Colm Flynn is a 4th generation lifelong farmer from Athy county Kildare. The land has been intensively farmed for cereal production for many years. About 7 ago, having experienced and understood the impacts of intensive tillage on the soil health, Colm decided it was time to re-evaluate his farming practices. He is actively involved in the Danú farming project and has spent the past number of years working to rehabilitate soil using biological solutions – “learning how to rehabilitate a commercial farm in a commercial context and find alternatives to chemical applications.” Part of his involvement in the project included reintroducing grasses and multispecies swards to the farm - allowing the land to rest, building organic matter and regenerating the soil biology. The farm is currently 50% cereal production, producing spring peas, winter barley, oats and wheat. The remaining 50% is under grassland and used for silage production and cattle grazing.
Colm has always been interested in nature and wildlife. Areas of mature woodland on the farm serve as habitats for hares, foxes and badgers. He has planted an orchard on the farm, most of which is left as food for birds and insects. There are numerous species of birds on the land including finches, mistle thrush, jackdaws, long-eared owls and barn owls. Colm continues to work hard to create a farm that is productive, economically viable and ecologically biodiverse - “I recorded 33 species of birds come through the farm this winter. I did an audit of the plants that grow on the farm and 84 plant species were recorded – from the tiniest little flowering plant to rushes to wild orchids. I hope in a few years time that the number of plant species on the farm will have increased.”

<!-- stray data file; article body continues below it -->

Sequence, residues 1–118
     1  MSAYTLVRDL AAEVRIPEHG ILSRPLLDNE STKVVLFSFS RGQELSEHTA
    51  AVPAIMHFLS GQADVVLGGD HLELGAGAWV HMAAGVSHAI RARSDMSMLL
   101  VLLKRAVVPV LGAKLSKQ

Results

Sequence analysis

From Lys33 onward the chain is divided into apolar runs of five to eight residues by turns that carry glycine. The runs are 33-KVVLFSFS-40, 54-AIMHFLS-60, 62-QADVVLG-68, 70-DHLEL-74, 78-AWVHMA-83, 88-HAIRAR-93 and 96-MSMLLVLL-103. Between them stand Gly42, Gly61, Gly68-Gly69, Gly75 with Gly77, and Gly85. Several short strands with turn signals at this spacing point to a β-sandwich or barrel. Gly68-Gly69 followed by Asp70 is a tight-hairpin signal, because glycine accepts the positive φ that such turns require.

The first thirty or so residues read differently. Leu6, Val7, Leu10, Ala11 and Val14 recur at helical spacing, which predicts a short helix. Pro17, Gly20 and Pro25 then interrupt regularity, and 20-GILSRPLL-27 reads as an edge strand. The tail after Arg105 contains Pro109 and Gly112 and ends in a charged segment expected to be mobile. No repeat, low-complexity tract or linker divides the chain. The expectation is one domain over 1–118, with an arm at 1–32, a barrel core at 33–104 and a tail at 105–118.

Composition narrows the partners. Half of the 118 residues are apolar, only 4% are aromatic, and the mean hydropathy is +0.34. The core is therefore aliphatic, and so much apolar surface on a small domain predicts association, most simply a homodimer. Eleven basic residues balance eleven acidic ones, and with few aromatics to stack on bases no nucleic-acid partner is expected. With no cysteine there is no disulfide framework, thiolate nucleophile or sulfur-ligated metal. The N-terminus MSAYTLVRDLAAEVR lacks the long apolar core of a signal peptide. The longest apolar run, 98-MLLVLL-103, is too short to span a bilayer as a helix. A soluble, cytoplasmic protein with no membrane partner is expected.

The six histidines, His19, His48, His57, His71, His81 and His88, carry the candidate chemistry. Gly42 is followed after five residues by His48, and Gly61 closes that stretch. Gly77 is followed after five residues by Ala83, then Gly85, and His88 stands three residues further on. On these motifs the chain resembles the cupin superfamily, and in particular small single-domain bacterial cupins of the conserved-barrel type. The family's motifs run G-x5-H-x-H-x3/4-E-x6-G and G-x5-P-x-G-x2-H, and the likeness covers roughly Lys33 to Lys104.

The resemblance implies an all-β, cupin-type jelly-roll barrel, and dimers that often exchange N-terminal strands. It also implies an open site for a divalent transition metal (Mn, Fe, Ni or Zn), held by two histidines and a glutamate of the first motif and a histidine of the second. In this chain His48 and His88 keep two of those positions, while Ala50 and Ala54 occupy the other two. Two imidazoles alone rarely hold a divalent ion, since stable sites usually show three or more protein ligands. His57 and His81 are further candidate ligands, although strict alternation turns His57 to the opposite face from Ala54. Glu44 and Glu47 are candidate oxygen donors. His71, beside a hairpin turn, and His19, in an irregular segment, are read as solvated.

I have known Colm for decades and at different stages of our farming careers we have nudged, cajoled, coaxed and assisted each other through thick and thin. However it is only since my own awakening to nature's role in farming that I have appreciated what a force of nature he himself is. Colm farms mostly crops oustide Athy with some grass rotated to refresh ground. His soils range from fairly light, through good stiff ground and into some peat at the edge of the Bog of Allen. The farm has been in the Flynn family for for quite a while and Colm farmed it with his brother Ciaran until the latter's untimely death. Colm's knowledge of the movements, habits and especially the songs of birds is extraordinary and his involvement in the Farmland Pollinator EIP has opened up whole new areas for him to explore. His boundless curiosity and patient observation leads him to make connections that escape most of us. His involvement in the Danu EIP has prompted a reappraisal of his lifelong farming practises in the context of a highly productive arable farm. As well as the EIP's Colm is involved with many local organisations including historical and vintage societies and probably lots more that I don't know about. For many years he was a key figure in Kildare Leader and has been active at national level in both Macra na Feirme and IFA. He is a regular contributor to the Wild Kildare Whatsapp chat where he presents a very positive image of farmers' engagement with nature. As much as anything, this activity convinces me that Colm can make a valuable contribution to Farming for Nature. His genuine joy in the natural world is infectious and his enthusiasm for communication knows few limits.
Nominator: Andrew Bergin, FFN Ambassador